Some key takeaways:
- Federal hate crime laws protect the following groups: race, religion, national origin, ethnicity, disability, sexual orientation, gender, and gender identity.
- Hate crimes and hate incidents are on the rise nationally. Lawrenceville has seen about a dozen hate crimes or hate incidents in the past 6 months, which has been a disturbing new trend.
- We all must be PROACTIVE and PREVENTIVE in addressing hate. We can’t prosecute our way out of the problem. Recognizing the behavioral indicators of extremist and hate-based violence, and DOING something, is key to preventing violence.
- While the First Amendment protects many displays of offensive and hateful speech, a “hate incident,” while not a crime, is still useful to the FBI as it can be an important piece of the puzzle for their intelligence, intervention, and prevention. Hate incidents should be reported. The First Amendment is not extended to criminal acts based on intolerance, purposefully intimidating speech, actions which can be interpreted by a reasonable person to be a serious intent to cause harm, or the planning/preparation/commission/facilitation of violence. A true threat puts the recipient in fear of bodily harm.
- The FBI can’t “surf” for offensive or hateful speech or materials, but if they receive a tip from the community about it, they have the ability to look into it, which is another reason why tips are important.
- Residents can report to the FBI through 412-432-4000 or www.fbi.gov/tips. The FBI also encourages residents to use resources like Lawrenceville United (412.802.7220 or info@LUnited.org) to relay information to the FBI if you wish to remain anonymous or don’t want to contact the FBI directly.
- All of the white supremacist flyers seen around the neighborhood haven’t had permission of the property owners to be hung there, in violation of city ordinance. If you come across these flyers, please document it and report to Lawrenceville United.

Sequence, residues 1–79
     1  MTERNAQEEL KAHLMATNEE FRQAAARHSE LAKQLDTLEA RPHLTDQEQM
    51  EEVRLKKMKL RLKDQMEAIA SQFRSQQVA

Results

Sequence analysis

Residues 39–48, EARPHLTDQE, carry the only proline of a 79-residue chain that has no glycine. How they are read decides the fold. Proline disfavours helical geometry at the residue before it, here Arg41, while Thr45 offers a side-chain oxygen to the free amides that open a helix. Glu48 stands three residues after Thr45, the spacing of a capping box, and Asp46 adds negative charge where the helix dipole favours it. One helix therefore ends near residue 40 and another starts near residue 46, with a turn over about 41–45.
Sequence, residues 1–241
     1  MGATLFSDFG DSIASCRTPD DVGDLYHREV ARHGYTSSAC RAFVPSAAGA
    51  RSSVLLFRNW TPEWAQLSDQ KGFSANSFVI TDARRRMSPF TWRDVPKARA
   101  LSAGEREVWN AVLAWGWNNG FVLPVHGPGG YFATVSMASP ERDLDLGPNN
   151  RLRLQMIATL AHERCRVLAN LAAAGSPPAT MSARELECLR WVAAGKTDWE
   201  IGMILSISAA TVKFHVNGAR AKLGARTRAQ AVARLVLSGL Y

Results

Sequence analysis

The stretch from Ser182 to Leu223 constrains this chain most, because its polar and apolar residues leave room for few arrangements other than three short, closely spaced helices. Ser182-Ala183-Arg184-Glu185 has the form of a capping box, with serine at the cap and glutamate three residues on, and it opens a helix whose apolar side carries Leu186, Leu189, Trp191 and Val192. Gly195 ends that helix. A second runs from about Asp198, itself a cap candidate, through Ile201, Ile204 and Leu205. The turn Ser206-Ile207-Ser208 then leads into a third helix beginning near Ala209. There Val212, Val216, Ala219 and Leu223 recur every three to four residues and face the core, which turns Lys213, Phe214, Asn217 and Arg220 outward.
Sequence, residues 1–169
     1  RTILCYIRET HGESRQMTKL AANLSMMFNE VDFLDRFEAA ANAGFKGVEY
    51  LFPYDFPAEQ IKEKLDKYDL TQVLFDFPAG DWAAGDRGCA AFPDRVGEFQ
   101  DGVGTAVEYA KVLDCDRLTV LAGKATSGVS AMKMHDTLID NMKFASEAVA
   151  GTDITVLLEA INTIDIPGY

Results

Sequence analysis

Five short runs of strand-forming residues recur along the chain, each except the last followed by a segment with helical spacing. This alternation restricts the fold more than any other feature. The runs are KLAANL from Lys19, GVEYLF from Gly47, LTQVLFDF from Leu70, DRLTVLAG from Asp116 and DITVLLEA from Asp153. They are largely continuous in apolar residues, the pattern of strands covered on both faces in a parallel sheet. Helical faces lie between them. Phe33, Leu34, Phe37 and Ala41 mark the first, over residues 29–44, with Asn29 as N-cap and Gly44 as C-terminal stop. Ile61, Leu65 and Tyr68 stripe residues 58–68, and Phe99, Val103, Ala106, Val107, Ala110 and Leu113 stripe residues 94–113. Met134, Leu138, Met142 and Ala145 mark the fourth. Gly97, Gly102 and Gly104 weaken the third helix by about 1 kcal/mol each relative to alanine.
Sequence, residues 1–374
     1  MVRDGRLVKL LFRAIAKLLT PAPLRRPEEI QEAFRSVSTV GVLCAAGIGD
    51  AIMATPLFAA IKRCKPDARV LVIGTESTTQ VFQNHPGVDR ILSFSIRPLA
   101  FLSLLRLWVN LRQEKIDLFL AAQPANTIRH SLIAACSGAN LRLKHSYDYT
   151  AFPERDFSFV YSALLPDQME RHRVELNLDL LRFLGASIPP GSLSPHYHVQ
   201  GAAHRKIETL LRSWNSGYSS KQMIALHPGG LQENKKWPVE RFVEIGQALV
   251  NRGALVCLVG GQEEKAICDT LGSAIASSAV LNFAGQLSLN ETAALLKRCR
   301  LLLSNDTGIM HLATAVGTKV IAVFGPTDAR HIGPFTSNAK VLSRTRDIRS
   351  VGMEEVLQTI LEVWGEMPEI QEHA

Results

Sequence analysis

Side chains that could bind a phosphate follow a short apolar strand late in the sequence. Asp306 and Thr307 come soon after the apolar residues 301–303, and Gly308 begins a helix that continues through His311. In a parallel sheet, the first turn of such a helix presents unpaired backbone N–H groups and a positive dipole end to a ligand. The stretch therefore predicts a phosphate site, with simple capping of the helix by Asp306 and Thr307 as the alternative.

If you have any questions or suggestions for other ways that LU can address this trend, please contact us at 412-802-7220 or info@LUnited.org.
LU hosted our first Lawrenceville-wide Public Safety Meeting on Tuesday 1/15/2019 at the Carnegie Library of Pittsburgh – Lawrenceville branch. Big thanks to the library for hosting, Dr. Heath Johnson from Pittsburgh Bureau of Police, Zone 2 Police’s Commander Zett, Officer Davis, and Det. Malloy, Public Safety Director Hissrich and Dan Shak, as well as the offices of Councilwoman Gross, Rep. Innamorato, and Rep. Ravenstahl.
In case you missed the meeting, please see the materials below:
Pittsburgh Police Presentation on 2018 Crime Trends
Dept. of Public Safety Presentation on Security Cameras
Your TL;DR version….
The bad news: total crimes are up from last year, driven largely by an increase in property crimes — mainly thefts from auto and burglaries.
The good news: violent crimes continued to decrease, 5 year averages for total crimes are down, Lawrenceville remains safe compared to Zone 2 and the City of Pittsburgh, and 12 public safety cameras are going up around Lawrenceville in the next couple weeks to deter and solve crime.
Regularly scheduled block watches will resume in February and March. Our next quarterly public safety meeting will be held in April. Please input on what content you’d like to see the April meeting cover to info@LUnited.org or call 412-802-7220.
In case you missed the 9th Ward Block Watch on 8/21/2018, here are the materials that were shared:
Join us on 9/18/2018 at 6:30 p.m. at St. Mary’s Lyceum for the next 9th Ward Block Watch.